Feb
4
2009

Several perspectives on this topic are covered in depth in a special February issue of Trends magazine.

It’s time to take another look at veterinary student debt, according to AAHA President-Elect John Tait, DVM, MBA, CFP.

As framed to date, discussions about student debt, often dubbed the elephant in the room, have focused on the fact that the salaries of recent graduates are insufficient to pay student loans and attain the lifestyle generally associated with professional status.

But the value of a veterinary degree isn’t measured by the salary you earn early in your career, Tait maintained during a session at the North American Veterinary Conference in January.

Rather, students and recent graduates should take the long view and look at the lifetime value of their education.

Tait, a certified financial planner, urged students to expand their understanding of how debt translates into value. Professional status, income and wealth-creation, and standard of living are all part of the return on investment for a veterinary degree, he said.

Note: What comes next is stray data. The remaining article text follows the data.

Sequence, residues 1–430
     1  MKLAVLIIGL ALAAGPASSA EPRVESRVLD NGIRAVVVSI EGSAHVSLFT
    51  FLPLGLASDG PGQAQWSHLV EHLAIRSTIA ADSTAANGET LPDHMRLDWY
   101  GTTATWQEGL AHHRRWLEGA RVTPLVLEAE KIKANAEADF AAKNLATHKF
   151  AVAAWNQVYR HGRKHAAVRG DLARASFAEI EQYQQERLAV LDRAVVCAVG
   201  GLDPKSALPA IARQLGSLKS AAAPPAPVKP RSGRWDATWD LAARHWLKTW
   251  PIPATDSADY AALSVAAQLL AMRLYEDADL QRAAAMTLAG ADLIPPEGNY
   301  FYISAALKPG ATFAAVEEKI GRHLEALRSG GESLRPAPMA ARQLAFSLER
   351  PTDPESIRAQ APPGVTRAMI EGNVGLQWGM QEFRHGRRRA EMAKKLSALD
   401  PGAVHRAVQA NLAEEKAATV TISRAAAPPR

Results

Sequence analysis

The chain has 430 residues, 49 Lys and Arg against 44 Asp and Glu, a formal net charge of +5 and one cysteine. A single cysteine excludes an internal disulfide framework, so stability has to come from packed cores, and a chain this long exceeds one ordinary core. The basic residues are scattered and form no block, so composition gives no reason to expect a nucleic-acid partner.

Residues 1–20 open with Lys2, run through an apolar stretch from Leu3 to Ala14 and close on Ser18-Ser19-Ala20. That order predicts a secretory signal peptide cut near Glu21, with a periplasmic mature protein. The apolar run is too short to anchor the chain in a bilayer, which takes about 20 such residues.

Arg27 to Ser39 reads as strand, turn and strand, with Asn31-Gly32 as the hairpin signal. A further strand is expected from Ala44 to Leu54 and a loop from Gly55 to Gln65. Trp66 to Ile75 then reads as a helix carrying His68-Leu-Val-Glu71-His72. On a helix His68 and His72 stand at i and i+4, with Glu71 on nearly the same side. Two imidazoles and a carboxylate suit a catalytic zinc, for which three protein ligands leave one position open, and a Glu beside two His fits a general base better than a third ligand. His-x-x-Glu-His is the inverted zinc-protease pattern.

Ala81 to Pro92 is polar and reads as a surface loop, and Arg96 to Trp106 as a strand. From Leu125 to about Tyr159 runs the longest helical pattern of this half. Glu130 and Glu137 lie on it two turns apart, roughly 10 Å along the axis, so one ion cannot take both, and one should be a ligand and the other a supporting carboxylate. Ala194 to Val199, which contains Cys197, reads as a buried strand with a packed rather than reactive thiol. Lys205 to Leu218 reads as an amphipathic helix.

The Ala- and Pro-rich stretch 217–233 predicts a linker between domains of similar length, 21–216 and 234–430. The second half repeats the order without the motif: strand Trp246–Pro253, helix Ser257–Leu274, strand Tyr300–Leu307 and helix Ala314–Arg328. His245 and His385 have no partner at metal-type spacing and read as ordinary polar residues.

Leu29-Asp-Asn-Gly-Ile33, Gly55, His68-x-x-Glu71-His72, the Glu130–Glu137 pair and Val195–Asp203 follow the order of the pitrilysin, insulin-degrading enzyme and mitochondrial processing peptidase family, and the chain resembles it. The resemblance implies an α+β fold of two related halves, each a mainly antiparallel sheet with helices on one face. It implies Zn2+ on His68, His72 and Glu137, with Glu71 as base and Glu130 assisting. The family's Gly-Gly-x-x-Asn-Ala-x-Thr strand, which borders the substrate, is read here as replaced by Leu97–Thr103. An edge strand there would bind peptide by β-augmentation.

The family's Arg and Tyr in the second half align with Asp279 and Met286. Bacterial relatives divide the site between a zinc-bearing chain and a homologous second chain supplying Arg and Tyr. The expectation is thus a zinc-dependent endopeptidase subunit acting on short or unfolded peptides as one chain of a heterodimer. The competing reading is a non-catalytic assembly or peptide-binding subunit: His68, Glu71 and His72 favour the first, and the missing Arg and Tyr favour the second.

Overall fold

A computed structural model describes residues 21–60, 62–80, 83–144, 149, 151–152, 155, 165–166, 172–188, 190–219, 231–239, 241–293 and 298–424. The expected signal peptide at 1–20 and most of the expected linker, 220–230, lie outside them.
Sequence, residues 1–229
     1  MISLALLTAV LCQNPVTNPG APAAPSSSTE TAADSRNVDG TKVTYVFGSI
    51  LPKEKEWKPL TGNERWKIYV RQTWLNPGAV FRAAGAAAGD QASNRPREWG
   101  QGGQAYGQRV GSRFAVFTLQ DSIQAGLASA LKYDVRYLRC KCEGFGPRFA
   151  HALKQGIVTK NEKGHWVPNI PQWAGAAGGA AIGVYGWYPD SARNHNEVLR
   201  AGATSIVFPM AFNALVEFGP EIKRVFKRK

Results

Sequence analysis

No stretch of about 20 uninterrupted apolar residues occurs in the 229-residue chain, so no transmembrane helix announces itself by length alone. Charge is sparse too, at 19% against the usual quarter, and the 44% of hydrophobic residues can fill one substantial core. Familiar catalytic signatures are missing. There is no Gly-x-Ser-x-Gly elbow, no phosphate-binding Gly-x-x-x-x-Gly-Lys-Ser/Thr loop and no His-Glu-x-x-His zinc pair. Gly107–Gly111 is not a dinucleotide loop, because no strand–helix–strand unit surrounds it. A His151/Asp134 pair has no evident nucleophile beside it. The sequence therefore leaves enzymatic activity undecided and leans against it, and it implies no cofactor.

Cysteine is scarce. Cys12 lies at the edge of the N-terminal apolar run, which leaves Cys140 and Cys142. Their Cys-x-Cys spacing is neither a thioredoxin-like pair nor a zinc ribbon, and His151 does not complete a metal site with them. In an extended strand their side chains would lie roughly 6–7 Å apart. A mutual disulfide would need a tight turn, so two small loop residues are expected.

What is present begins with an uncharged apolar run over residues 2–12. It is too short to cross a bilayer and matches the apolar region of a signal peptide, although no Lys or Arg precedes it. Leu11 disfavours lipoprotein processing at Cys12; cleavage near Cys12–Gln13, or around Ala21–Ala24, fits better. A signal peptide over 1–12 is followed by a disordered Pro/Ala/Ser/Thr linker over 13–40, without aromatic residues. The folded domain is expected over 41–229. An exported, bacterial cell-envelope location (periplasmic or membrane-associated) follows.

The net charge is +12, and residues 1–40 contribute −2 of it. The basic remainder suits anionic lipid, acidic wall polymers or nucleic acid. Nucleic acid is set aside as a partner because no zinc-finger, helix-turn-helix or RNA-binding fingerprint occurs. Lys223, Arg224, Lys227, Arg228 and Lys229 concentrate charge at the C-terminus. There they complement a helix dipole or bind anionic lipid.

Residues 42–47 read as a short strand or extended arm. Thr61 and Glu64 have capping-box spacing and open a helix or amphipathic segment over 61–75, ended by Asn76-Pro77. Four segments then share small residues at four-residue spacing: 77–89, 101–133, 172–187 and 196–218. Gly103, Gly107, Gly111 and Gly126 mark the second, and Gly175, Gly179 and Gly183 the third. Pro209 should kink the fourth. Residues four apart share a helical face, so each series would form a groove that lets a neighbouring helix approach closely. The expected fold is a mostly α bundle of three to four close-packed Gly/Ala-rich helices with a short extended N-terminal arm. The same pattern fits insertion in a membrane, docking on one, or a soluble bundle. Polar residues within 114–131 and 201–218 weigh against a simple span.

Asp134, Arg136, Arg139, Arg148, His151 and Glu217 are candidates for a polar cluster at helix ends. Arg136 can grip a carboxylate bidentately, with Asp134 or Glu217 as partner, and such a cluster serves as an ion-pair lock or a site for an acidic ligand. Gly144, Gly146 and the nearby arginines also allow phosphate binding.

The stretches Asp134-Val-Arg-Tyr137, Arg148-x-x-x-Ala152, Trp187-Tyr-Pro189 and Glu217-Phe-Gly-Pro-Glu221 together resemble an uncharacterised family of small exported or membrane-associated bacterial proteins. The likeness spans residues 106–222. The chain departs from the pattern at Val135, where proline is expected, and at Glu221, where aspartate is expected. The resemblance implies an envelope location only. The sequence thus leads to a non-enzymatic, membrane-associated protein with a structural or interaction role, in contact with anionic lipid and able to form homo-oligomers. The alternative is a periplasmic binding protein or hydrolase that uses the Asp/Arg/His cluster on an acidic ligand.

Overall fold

“Return on investment is not entry-level salary,” he said.

Rather, students should look at the total return on their investment over the lifetime of their careers, including

  • qualitative (nonmonetary) returns, such as
  • career planning, life balance, flexibility and autonomy the profession allows;
  • the fact that veterinarians earn, over their lifetimes, 7-9% more than workers with bachelor’s degrees;
  • incremental increases in salary over 20-50-year career; and,
  • perhaps most important, opportunities for wealth-creation through tax efficiencies and transferable equity (for those with an ownership stake in a practice).

Tait discusses these topics and more in his article, “Degrees of Debt,” which appears in the February issue of Trends magazine.  Other articles in the magazine cover

  • contributing to practice profitability
  • SMART mentoring
  • exam room efficiency
  • salary negotiation
  • communicating with experienced staff

The special issue of the magazine will be distributed to 10,000 students through veterinary teaching hospitals.

Discussions about student debt and related topics will be featured on March 28 at the AAHA Yearly Conference in Phoenix, Ariz., March 26-29. The session will be recorded and posted on the AAHA website.

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